Another example of a GOI, not intended to be limiting, is the acyl carrier protein (ACP-I) from Arabidopsis. Acyl carrier protein is a cosubstrate and cofactor in de novo lipid synthesis in plants. The NPTII gene, as an example of a suitable PSM, is inserted between two genomic sequences flanking the ACP-I gene in Arabidopsis. This is possible because we have cloned the ACP-I gene and have subclones that lack the coding sequence but have flanking sequences. The NPTII gene is also inserted between the flanking sequences. The antisense NPTII gene is placed immediately outside the ACP-I flanking regions to create pHRI, shown in FIG. 4. (In FIG. 4, the dark regions designate arabsopsis ACP-I homologous flanking sequences.)
Subsequent co-cultivation of target cells with Agrobacteria containing the pHRI construct is followed by selection on kanamycin-containing medium. Calli resistant to the antibiotic are subcultured to regenerate plants from surviving homologously recombinant cells. Southern-blot analysis can be performed on selected transformants (not the entire population of target cells!) by probing with intact ACP-I gene. Any band shifts seen on the blots with individual transformants demonstrate that the selection procedure has disrupted the genomic target allele via homologous recombination. Such fragments can be gel-purified using conventional techniques. Polymerase chain reaction (PCR) methods can also be used to verify the disruption. (For PCR, the-sense NPTII gene is used as the template.)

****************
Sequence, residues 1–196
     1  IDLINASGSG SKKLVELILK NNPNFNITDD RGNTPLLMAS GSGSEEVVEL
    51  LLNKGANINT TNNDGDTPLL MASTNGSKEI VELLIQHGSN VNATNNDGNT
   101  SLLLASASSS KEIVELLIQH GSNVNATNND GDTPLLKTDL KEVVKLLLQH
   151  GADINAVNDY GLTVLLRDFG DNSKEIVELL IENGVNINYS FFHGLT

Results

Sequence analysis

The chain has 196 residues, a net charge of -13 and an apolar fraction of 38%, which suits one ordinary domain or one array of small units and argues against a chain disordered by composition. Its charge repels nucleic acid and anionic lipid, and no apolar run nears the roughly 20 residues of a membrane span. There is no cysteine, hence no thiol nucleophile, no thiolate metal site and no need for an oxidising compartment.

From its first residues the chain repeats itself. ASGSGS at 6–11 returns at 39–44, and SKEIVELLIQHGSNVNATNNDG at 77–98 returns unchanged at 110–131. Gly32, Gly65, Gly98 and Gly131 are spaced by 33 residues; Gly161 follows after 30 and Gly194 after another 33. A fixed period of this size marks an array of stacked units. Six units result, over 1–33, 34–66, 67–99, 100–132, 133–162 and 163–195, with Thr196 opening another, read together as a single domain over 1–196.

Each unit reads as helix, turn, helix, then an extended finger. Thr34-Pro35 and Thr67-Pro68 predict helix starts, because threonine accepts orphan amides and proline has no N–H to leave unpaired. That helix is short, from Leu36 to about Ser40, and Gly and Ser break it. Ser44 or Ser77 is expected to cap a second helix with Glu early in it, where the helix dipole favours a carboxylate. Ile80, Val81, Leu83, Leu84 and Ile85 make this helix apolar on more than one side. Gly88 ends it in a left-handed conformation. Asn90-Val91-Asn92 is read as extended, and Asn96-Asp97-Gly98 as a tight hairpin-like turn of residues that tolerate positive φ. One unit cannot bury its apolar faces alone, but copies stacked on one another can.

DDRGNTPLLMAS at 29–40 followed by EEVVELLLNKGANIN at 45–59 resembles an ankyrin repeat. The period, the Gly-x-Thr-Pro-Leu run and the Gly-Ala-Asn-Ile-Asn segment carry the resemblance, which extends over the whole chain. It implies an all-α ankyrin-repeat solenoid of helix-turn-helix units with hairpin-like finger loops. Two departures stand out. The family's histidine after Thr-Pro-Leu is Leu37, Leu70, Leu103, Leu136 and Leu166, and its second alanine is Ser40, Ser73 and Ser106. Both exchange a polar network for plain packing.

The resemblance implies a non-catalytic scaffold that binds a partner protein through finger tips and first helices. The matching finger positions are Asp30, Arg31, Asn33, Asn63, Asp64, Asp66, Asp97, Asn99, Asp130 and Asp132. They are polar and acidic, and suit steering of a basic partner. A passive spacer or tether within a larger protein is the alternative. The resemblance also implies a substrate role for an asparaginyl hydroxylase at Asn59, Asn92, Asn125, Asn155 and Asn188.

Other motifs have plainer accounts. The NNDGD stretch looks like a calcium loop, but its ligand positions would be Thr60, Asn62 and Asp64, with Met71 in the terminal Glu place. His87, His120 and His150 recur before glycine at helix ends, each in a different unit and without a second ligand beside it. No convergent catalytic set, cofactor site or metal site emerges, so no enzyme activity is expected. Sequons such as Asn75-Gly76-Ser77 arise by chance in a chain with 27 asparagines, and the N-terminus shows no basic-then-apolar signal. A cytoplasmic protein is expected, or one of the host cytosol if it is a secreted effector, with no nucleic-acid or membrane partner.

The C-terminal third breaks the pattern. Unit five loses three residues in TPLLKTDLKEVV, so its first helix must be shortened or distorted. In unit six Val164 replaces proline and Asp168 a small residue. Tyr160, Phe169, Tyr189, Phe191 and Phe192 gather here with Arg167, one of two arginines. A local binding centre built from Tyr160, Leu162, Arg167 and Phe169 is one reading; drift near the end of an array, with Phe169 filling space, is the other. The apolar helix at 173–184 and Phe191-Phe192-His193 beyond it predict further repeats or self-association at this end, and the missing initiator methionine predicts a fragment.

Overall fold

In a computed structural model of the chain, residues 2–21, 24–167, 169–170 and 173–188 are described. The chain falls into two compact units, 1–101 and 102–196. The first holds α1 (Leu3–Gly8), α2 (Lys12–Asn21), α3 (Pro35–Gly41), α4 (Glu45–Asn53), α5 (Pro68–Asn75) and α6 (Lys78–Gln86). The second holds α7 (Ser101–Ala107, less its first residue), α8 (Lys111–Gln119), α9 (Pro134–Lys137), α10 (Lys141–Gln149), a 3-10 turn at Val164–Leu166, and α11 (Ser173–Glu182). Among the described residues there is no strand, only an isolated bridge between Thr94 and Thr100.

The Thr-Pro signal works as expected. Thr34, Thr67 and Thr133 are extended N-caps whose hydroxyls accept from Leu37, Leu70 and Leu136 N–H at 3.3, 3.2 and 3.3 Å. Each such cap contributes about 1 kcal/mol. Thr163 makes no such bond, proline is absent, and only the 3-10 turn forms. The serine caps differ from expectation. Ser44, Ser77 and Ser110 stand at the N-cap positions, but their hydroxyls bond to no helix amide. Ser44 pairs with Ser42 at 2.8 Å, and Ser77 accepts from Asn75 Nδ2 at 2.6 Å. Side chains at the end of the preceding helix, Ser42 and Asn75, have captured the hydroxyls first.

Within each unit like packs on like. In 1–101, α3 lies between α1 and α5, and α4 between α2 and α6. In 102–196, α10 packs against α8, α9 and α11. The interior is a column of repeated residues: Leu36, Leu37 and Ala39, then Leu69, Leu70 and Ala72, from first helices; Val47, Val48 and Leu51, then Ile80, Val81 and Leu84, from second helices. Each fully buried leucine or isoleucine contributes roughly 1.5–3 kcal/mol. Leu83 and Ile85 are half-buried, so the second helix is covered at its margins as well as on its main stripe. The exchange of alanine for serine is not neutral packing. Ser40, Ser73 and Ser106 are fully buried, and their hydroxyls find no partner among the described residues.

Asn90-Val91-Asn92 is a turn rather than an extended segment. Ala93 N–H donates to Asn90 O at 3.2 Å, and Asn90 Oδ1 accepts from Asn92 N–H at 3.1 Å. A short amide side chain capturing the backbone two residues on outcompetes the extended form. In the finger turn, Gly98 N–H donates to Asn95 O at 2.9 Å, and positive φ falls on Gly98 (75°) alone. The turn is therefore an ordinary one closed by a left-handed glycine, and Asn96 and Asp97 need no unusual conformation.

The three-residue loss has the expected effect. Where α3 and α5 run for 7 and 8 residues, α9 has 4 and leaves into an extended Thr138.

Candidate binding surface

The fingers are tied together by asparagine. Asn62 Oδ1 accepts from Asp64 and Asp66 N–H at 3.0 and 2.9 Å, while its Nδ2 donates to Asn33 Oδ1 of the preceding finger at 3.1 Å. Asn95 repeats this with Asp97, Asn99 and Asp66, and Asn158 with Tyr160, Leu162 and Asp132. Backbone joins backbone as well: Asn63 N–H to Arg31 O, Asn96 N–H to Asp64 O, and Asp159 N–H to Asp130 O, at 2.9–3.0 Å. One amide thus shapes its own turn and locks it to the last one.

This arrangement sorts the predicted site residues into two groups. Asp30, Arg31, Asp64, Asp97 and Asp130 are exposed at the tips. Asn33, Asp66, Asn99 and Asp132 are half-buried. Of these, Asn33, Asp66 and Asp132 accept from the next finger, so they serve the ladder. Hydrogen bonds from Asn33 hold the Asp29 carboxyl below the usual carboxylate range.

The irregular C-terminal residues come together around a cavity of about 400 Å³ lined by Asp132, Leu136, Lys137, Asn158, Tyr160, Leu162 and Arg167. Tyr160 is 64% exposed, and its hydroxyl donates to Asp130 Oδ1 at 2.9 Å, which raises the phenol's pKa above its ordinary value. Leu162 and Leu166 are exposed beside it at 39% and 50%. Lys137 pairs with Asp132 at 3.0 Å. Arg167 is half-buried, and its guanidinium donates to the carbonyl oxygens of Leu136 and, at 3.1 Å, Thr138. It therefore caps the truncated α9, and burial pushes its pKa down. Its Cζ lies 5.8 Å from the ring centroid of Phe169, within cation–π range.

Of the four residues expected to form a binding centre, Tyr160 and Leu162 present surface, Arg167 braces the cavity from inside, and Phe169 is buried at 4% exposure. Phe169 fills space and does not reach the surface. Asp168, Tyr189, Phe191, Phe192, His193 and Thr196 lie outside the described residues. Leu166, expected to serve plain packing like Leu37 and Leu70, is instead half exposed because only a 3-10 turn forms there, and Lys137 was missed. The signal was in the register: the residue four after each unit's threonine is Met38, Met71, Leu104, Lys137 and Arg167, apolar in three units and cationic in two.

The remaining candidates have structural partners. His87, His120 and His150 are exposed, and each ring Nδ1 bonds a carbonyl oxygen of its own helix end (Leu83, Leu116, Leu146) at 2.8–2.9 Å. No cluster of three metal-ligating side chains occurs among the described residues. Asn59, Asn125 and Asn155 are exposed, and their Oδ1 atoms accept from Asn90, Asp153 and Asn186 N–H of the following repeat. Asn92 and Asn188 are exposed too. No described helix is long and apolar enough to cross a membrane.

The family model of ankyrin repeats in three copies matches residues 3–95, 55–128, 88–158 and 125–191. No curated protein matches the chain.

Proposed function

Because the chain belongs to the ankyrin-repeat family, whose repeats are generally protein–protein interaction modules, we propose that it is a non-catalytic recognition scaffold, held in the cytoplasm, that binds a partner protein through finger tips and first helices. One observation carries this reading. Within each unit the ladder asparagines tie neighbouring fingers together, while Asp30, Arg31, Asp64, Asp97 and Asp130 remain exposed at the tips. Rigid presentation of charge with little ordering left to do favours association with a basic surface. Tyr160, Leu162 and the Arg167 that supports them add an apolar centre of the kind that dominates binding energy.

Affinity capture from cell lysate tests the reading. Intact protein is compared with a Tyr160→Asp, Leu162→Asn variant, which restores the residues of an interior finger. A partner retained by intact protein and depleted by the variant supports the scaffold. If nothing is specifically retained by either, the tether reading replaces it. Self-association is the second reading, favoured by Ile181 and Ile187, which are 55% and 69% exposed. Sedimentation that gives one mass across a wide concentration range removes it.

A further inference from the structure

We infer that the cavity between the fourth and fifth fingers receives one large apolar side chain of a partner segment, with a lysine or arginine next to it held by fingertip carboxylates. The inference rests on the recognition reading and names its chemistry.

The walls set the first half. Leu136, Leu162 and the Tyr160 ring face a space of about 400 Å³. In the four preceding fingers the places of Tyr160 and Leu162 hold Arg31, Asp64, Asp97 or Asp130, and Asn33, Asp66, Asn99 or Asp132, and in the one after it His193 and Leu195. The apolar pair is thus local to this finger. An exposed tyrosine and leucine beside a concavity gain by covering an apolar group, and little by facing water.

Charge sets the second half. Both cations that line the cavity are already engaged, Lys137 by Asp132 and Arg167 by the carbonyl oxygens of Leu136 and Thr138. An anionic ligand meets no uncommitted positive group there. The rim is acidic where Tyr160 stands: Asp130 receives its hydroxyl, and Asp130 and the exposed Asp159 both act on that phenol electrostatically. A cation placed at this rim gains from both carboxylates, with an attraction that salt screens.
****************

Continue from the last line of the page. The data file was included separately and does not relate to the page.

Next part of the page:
Having illustrated and described the principles of our invention in several preferred embodiments, examples, and variations thereof, it should be apparent to those skilled in the art that the present invention may be modified in arrangement and detail without departing from said principles. We claim as our invention all modifications coming within the scope and spirit of the following claims.
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|U.S. Classification||435/6.14, 435/91.1, 435/320.1, 536/24.5, 435/419, 435/69.1, 435/252.2, 536/23.1|
|International Classification||C07K14/415, C12N15/90, C12N15/82, C12N15/113|
|Cooperative Classification||C12N15/8213, C12Y207/01095, C07K14/415, C12N15/1137, C12N15/907, C12N15/8209|
|European Classification||C12Y207/01095, C12N15/90B4, C12N15/82A10, C12N15/82A8, C07K14/415, C12N15/113D|
|May 26, 1998||CC||Certificate of correction|
|Dec 6, 1999||FPAY||Fee payment|
Year of fee payment: 4
|Jun 18, 2004||LAPS||Lapse for failure to pay maintenance fees|
|Aug 17, 2004||FP||Expired due to failure to pay maintenance fee|
Effective date: 20040618